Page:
Robert Griffin III lacking class?

People of the greater Washington D.C. area love Redskins quarterback Robert Griffin III.  He could almost do nothing wrong and that’s typical of a fan base and their beloved athletes.

Griffin has recently received some flack for posting the tweet below of him lying on some boxes with a smirk on his face after receiving so many wedding gifts from his fans.

Rich Campbell of the Washington Times believes Griffin didn’t handle the backlash in a classy way.

Campbell referenced the following tweets that Griffin posted:

Campbell feels like Griffin lacks humility and I tend to agree with him.  But should we expect someone as famous as Griffin to be humble?  I don’t.

The thing is, is that Griffin is only 23 years old,  he’s still very immature and that’s OK and that’s expected.

Campbell makes a great point by saying that the Redskins need to help Griffin clean up his image.

Limiting his exposure on Twitter is the starting point. The site can be extremely toxic when operated without the utmost awareness of how tweets might be interpreted. Griffin’s photo is the perfect example. Feedback is immediate and sometimes harsh, and whatever is published belongs to the web for eternity.


Andrew Luck isn’t on Twitter. Neither is Peyton Manning, who probably is a better comparison to Griffin because they endorse so many products and have more to gain from increased visibility.


Griffin often uses the site well. He tweeted welcomes to Washington’s draft picks last month and frequently pumps up fans with motivational tweets about working hard and the team. If he wants to speak his mind about potentially divisive issues, he must be accepting of the consequences. And if he wants to perpetuate a perception of his humility, he at least should stop retweeting others’ compliments. Thanking them more privately requires a simple click on a different part of his screen.


Starting a charity also should be high on his list. This offseason is the perfect time for Griffin to establish roots here as a community servant. He’s lagging in that area, at least publicly, behind Russell Wilson, his 2012 Rookie of the Year challenger. Wilson is a national ambassador for the CR3 Diabetes Association, a cause dear to him because complications from the disease killed his father three years ago.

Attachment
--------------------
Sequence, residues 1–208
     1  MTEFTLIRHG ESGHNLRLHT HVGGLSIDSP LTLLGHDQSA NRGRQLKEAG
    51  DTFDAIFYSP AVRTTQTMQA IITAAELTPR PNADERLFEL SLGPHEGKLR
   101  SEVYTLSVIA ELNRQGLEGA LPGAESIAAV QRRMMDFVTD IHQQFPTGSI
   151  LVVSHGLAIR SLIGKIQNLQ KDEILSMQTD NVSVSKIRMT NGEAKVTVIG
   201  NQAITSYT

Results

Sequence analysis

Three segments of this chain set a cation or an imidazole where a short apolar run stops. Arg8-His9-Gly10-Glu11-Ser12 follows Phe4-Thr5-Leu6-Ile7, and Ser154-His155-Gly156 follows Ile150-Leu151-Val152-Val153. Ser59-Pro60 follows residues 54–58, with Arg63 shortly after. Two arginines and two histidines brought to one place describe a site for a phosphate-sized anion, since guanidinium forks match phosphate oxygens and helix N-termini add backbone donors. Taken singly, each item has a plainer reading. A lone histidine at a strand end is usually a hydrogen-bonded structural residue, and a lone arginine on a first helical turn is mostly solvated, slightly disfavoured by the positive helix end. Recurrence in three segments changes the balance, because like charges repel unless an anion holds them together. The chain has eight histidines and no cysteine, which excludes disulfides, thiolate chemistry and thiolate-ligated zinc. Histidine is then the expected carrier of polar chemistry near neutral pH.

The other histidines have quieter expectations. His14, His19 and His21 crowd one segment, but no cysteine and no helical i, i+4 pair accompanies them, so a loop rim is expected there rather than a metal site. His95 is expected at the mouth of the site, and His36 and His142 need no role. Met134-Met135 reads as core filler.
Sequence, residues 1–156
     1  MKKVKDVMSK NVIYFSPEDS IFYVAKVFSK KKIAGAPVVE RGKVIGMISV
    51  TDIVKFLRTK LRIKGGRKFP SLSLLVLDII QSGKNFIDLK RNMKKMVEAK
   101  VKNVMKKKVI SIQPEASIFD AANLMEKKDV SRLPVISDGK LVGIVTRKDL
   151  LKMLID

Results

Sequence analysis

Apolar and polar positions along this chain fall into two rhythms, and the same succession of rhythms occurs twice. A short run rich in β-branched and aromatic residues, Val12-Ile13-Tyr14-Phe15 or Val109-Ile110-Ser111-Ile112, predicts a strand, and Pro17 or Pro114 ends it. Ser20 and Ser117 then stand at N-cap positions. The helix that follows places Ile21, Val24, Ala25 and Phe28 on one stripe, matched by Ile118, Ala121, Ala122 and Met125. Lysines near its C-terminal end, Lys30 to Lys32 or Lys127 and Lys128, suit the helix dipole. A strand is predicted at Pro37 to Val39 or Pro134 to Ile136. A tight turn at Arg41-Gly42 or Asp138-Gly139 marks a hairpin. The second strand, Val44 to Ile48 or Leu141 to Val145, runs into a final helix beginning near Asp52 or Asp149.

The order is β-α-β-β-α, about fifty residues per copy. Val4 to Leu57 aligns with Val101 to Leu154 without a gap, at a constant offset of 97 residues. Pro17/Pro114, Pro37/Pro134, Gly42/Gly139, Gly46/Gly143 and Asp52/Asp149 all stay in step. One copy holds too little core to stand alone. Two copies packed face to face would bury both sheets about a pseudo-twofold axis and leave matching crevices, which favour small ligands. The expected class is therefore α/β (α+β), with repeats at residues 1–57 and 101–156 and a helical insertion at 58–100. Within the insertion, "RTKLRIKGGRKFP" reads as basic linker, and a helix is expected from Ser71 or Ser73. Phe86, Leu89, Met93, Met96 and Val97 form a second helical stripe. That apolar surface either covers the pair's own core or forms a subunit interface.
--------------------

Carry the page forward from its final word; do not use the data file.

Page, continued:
Griffin raised $33,000 in 15 minutes for the American Cancer Society earlier this month simply by autographing a pair of cleats and posing for 18 pictures. What a fine start. He could have an immeasurable impact on, say, military children and veterans here, in his childhood home of Central Texas and nationally.

Campbell says Griffin must meet with the media this week and continue to win them over.

Another important step begins Thursday, when Griffin is scheduled to meet with media who regularly cover the team. It’s the first such session on team property since Griffin was hurt in Washington’s playoff loss to Seattle on Jan. 6.


Griffin might not always shine in his tweets, but he almost always does in person. He knows he’s a star, he knows he’s a great athlete and he knows people love him — that has always been clear — but that does not detract from the warmth and authenticity with which he interacts with people.


He is a kind person who doesn’t flaunt his status to those physically near him. That is the genesis of his reputation for being humble. To experience that on a regular basis, as the public did last season because of his media availability, would restore perception of him as a grounded star athlete.


More specifically, how Griffin’s media session plays out Thursday will help determine whether the lollipops and rainbows of his rookie season are still in place. He’ll encounter a local media corps that hasn’t had much offseason access and is armed with a litany of questions about his right knee injury and rehabilitatio

At the end of the day, Griffin’s image will be fine, but I do agree he exposes himself too much on Twitter and will likely need to get off at some point.




  1. Anonymous says

    This is no different than people sending money to president Obama for his campaign we all are looking for hope and change and if we think that someone can bring that to us we shower them with gifts of appreciation and I would be proud to accept gifts from fans that had that much confidence in me that I would give them something they haven’t had in years.

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